For many Christians in contemporary America, it can be confusing (or even embarrassing) to note what was a (or even the) central controversy in the early church: with whom should I eat?
This is all over the pages of the New Testament. It's a key reason that Jesus is criticized throughout the Gospels (for example, see Luke 15:1-2), it causes an apostolic brouhaha when Paul calls out Peter (Gal. 2:11-14), and is behind the abuse of the Lord's Supper at Corinth (1 Cor. 11).
When you watch Downton Abbey, you can understand what biblical scholar John Elliott means when he says that "food and meals encode social relationships, cultural values and norms, and metaphysical worldviews." Everything about the Crawleys and their staff is different when it comes to eating: what they eat, where they eat, when they eat, and with whom they eat. Next time you watch the show, pay attention to how much of the show takes place in the context of eating, whether in the staff kitchen/dining room downstairs or the main dining room of Downton. Eating is a microcosm of the worldview of a society.
Numerous story lines from Downton Abbey highlight this fact. One of my favorite involves Tom Branson (nice name!), who is a chauffeur (which I can't help but saying internally in my best Dowager Countess, i.e., Maggie Smith voice) and Irish political revolutionary who violates all social-cultural boundaries and ends up marrying Lady Sybil. When Tom and Sybil return, his mere presence in the main dining hall is enough to cause quite a stir.
So think about this text in the context of a socially-stratified world: "My brothers and sisters, believers in our glorious Lord Jesus Christ must not show favoritism. Suppose a man comes into your meeting wearing a gold ring and fine clothes, and a poor man in filthy old clothes also comes in. If you show special attention to the man wearing fine clothes and say, 'Here's a good seat for you,' but say to the poor man, 'You stand there' or 'Sit on the floor by my feet,' have you not discriminated among yourselves and become judges with evil thoughts." (James 2:1-4)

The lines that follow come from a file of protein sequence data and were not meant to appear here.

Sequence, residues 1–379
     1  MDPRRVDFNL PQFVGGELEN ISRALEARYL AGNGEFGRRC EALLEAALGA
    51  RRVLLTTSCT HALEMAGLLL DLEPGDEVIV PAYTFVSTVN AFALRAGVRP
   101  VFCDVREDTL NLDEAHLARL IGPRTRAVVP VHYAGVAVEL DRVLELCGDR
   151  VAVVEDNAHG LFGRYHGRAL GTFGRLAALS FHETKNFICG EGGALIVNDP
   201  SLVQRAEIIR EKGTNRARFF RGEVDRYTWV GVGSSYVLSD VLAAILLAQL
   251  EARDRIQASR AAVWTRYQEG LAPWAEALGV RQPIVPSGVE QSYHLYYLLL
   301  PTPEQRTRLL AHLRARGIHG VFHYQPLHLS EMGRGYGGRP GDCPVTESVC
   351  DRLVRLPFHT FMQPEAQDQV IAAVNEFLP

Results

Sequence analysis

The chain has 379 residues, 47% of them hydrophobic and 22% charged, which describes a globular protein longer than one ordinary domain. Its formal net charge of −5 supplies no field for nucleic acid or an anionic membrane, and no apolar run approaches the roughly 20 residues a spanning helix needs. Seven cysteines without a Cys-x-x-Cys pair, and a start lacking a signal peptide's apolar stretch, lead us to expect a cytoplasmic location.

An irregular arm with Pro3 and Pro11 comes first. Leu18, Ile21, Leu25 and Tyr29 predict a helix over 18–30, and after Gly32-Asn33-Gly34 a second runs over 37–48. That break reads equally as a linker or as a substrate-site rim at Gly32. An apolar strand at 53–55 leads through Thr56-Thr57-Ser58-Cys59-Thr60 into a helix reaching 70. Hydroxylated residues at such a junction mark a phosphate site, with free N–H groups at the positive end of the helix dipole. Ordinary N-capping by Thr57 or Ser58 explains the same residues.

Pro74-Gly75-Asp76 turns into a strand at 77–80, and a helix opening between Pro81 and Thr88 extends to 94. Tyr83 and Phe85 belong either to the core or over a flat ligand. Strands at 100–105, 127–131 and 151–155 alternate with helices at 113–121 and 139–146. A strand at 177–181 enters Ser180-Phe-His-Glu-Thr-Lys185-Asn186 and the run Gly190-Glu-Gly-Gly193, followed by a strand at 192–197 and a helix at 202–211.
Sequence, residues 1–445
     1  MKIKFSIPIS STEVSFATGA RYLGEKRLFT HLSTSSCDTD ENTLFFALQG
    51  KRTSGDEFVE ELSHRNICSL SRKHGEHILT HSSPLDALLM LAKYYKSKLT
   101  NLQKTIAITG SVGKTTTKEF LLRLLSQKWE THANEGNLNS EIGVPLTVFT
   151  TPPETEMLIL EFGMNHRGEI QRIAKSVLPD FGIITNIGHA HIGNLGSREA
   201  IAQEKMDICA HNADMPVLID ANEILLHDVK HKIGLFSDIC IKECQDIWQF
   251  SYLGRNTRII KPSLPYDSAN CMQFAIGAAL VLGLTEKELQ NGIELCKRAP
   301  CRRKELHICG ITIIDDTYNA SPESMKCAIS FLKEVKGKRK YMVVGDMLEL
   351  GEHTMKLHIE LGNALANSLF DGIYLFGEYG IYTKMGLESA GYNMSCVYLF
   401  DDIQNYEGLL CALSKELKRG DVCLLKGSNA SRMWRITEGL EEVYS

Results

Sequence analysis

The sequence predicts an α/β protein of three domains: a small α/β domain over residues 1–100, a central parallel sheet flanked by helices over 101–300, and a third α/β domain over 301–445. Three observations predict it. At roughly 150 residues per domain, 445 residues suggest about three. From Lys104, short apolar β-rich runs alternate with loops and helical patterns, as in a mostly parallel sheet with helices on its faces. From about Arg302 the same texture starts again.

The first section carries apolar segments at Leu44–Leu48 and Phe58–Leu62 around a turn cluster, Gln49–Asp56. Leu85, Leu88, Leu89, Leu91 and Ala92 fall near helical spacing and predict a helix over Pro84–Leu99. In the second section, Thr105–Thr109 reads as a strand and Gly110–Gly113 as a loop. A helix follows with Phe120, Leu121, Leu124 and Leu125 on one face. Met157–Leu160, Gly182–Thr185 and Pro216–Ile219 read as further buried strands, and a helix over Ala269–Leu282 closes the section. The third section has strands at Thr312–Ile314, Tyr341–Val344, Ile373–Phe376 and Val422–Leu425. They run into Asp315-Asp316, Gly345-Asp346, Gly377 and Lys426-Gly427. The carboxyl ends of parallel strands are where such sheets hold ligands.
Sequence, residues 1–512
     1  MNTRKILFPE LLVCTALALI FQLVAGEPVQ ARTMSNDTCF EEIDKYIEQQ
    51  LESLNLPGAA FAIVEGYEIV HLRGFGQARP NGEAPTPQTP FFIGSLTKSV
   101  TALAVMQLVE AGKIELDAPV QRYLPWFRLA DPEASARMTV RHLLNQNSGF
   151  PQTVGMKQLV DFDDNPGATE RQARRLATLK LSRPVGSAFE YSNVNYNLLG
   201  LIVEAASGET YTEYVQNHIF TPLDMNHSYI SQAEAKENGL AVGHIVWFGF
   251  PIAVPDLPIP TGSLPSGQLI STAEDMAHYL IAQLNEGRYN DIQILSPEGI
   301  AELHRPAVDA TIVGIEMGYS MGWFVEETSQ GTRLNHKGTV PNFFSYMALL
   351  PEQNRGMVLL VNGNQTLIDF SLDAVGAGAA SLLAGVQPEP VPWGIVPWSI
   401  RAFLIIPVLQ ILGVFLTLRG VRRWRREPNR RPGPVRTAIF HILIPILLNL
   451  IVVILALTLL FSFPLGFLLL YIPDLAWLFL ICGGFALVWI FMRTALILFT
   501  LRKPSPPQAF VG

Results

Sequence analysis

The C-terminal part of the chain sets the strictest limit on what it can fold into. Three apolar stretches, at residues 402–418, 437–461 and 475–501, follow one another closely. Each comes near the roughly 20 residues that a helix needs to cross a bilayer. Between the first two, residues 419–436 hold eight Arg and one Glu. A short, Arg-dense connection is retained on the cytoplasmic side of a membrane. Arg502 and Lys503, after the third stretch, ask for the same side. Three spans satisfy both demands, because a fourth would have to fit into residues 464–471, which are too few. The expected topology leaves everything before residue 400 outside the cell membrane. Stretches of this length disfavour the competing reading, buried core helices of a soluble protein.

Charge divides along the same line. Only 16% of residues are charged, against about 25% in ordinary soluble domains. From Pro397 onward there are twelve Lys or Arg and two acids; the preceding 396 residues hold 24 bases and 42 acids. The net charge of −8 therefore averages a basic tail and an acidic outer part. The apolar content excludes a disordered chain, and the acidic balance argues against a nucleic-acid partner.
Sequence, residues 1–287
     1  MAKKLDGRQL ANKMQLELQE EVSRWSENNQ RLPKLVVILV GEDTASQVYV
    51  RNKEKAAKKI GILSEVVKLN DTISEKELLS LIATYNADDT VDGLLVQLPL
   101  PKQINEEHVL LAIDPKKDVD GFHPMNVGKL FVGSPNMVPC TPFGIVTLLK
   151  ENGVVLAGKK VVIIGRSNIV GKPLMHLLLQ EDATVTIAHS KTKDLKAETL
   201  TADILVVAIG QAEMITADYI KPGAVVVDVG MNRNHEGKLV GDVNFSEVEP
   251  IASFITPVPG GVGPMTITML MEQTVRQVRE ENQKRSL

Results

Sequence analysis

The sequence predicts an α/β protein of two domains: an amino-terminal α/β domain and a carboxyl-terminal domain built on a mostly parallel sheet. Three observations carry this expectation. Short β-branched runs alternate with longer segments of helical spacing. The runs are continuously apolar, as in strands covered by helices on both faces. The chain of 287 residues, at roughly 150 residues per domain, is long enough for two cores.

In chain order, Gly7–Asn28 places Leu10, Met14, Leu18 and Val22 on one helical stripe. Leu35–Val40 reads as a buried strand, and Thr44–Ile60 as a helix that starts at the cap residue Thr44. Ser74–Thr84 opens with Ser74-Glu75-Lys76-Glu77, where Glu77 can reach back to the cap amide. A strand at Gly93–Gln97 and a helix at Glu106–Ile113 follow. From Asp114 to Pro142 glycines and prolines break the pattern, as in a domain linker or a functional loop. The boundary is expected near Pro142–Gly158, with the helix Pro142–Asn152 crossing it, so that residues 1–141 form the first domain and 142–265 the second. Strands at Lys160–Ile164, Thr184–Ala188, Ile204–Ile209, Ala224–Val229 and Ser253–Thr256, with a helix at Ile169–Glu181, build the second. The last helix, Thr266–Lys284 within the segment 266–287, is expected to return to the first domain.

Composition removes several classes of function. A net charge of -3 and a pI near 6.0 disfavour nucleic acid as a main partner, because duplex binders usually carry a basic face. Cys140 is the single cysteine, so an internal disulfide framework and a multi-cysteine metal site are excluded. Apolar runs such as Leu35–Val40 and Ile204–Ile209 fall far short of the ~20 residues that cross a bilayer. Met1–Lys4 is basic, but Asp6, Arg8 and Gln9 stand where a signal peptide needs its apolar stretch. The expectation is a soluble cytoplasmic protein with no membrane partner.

You mean if Lord Grantham and his valet walk through the door at the same time, I should not show preference to Lord Grantham? Or that if Carson the butler and a footman both come, Carson doesn't necessarily get the place of preeminence? (Go ahead, you tell him; I'm not messing with Carson).
The instructions around the Lord's Supper also start to sound much more radical. This was an actual meal that the early church would celebrate together. At Corinth, there are divisions and factions (1 Cor. 11:17-22), embodied in the fact that some people go away from the meal full and drunk, and others leave hungry. The people are guilty of "eating in an unworthy manner" (11:27) and not discerning the Lord's body (11:29), i.e., not understanding what kind of new (social) body the church is. Paul doesn't mean that they failed to properly (and, of course, very guiltily) confess their sin while the organ music played before each individual took their tiny piece of bread and tiny drink of juice/wine. He means that the way they ate showed that they did not understand how Jesus had transformed their relationships with one another. So how should they eat? In 1 Cor. 11:33, Paul's instructions are clear: everyone must eat together. Got that? The Dowager Countess must wait until Mrs. Patmore and Daisy can sit down at the same time and table with her, if she really wants to understand who she is in Christ (I'd love to see that scene!). The entrenched British aristocrats must sit and sup with the Irish revolutionary.
The point of 1 Cor. 11 and other texts is that the kingdom of God is not simply like a feast (Matt. 22), it is a feast (Rev. 19). Although our world doesn't look like Downton Abbey, Christians today continually face the temptation of replicating cultural patterns of social stratification within the church. These patterns get ingrained in us from the time we're young (see the opening scene of Mean Girls for a great example of how this works in the school cafeteria). So when Christians hear the words, "Take, eat, this is my body," we must remember to be the kind of body that eats in a way that is shaped by the Bread of Life, the one who broke down "the dividing wall" between those who never would have eaten together otherwise (Eph. 2:14).
If you are interested in learning more about the centrality of eating together in New Testament times, you can click here to read a paper I wrote while in my Master's program back in 2004. The paper focuses on the practice of table fellowship, or eating together, in Luke-Acts. I'm no specialist on that topic, but you can check the bibliography and/or footnotes of the paper for good scholarly sources on this topic.